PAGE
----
AUA 2018: Systematic Review and Meta-Analysis of Adjuvant Therapy After Nephrectomy for High-risk, Non-metastatic Renal Cell Carcinoma

San Francisco, CA USA ( The current treatment for non-metastatic renal cell carcinoma (nmRCC) is either a partial or radical nephrectomy. However, many adjuvant therapies have been examined such as radiotherapy, vaccines, immunotherapy, Vascular Endothelial Growth Factor (VEGF)-TKI, and checkpoint inhibitors. Five trials, ASSURE, S-TRAC, PROTECT, SORCE, ATLAS, have been designed to evaluate the effect of adjuvant VEGF-based therapy in patients with nmRCC, who underwent either partial or radical nephrectomy. The ASSURE, S-TRAC and the PROTECT trials published their results.

Data was collected for 4,096 patients from the Embase, Medline, and Cochrane databases up to September 2017, with majority being extracted from the ASSURE and PRTOECT trial (47% and 38%, respectively). A meta-analysis combining the ASSURE, S-TRAC and PROTECT trials addressing disease-free survival (DFS) and overall survival (OS) was performed. Risk of bias and confounding assessments were performed.

ASSURE showed no DFS (p=0.7) or OS (p=0.66) benefit over placebo when compared to one year of sorafenib or sunitinib. However, central review data for the S-TRAC study showed improved DFS (p=0.03), but not with investigator review. There was no OS benefit for either study. The PROTECT trial also showed no DFS (p=0.16) or OS (p=0.16) benefit, when comparing pazopanib 600mg to placebo. However, when using pazopanib 800mg, improved DFS (p=0.02) was observed, but no record of OS (0.66) benefit. Within the meta-analysis, the pooled DFS and OS estimates from ASSURE, S-TRAC and PROTECT, resulted in respective DFS and OS hazard ratios of 0.92 (95%CI: 0.82-1.03) and 0.99 (95%CI: 0.85-1.17), when pazopanib 600mg was considered. Similarly, when pazopanib 800mg was considered, pooled DFS and OS hazard ratios were 0.87 (95%CI: 0.73-1.04) and 1.04 (95%CI: 0.89-1.22).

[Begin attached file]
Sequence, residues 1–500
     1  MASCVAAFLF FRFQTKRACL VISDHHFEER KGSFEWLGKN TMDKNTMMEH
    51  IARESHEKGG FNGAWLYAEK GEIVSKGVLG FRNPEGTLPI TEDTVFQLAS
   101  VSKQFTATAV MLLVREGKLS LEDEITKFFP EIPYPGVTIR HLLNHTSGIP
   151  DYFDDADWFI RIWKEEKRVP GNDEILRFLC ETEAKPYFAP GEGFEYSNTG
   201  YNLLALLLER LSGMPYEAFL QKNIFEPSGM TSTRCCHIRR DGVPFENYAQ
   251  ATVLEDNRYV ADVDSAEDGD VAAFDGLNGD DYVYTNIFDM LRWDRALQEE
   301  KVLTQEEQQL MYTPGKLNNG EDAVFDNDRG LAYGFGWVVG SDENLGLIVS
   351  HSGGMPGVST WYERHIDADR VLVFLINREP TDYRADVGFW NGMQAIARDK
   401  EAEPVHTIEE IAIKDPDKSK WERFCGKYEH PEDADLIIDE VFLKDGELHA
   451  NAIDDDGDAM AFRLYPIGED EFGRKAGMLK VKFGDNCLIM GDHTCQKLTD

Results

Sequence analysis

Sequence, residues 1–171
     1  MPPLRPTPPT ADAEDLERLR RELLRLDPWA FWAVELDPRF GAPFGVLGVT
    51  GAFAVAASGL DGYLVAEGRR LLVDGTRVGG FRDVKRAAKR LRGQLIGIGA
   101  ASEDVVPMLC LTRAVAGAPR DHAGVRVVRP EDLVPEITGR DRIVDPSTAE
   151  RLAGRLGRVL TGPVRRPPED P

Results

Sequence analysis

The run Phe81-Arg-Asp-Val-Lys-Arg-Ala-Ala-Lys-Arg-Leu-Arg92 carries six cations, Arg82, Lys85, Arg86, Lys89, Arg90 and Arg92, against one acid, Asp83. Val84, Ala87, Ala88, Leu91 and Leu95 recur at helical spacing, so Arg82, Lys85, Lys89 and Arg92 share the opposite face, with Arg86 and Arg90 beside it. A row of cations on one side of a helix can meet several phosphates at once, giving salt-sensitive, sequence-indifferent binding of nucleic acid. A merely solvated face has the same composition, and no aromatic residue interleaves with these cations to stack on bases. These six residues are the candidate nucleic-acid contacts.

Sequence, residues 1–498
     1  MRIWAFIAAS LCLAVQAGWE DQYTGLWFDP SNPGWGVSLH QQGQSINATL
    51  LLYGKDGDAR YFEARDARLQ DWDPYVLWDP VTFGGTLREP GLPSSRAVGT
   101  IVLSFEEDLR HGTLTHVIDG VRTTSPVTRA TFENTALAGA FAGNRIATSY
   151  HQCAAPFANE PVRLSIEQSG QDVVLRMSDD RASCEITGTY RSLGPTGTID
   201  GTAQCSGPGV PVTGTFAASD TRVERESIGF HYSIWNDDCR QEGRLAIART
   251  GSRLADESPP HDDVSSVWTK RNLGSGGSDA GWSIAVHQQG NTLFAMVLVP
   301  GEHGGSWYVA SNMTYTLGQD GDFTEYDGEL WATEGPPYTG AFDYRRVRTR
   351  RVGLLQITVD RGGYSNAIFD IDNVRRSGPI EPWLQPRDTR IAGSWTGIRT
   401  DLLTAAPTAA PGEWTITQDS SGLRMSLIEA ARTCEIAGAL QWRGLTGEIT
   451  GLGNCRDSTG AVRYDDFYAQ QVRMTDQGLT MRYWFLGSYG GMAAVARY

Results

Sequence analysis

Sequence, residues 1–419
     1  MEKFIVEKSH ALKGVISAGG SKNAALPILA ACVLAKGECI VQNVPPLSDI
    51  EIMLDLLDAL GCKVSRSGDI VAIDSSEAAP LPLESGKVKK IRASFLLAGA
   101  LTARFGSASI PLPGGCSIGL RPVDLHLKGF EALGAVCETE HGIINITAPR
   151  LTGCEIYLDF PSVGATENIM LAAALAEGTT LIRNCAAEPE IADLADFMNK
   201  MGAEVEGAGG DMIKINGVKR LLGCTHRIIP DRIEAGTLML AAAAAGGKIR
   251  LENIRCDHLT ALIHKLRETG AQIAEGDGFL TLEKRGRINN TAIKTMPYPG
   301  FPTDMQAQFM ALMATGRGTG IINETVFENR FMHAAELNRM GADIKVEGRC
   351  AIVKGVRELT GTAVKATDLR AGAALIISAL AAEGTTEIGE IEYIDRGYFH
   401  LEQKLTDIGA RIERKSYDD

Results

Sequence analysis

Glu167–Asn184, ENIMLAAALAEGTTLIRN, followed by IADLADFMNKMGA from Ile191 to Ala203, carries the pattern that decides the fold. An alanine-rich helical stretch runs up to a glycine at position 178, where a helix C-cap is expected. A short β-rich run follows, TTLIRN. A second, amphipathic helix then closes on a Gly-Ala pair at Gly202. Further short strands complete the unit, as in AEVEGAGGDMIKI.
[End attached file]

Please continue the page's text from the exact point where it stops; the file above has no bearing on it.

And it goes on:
Until now adjuvant therapy for nmRCC shows no OS benefit and equivocal DFS benefit. Therefore, the study’s outcome suggests that the use of VEGF-inhibitors is not supported in clinical practice. One member of the audience raised a question about the comparison of these drugs given that they are used in different settings among different patient populations. Perhaps, further subgroup analyses will better determine or reconfirm the results of this study.

Presented by: Ariane Smith, MD

Written by: Rita Derderian, Department of Urology, University of California-Irvine at the 2018 AUA Annual Meeting - May 18 - 21, 2018 – San Francisco, CA USA
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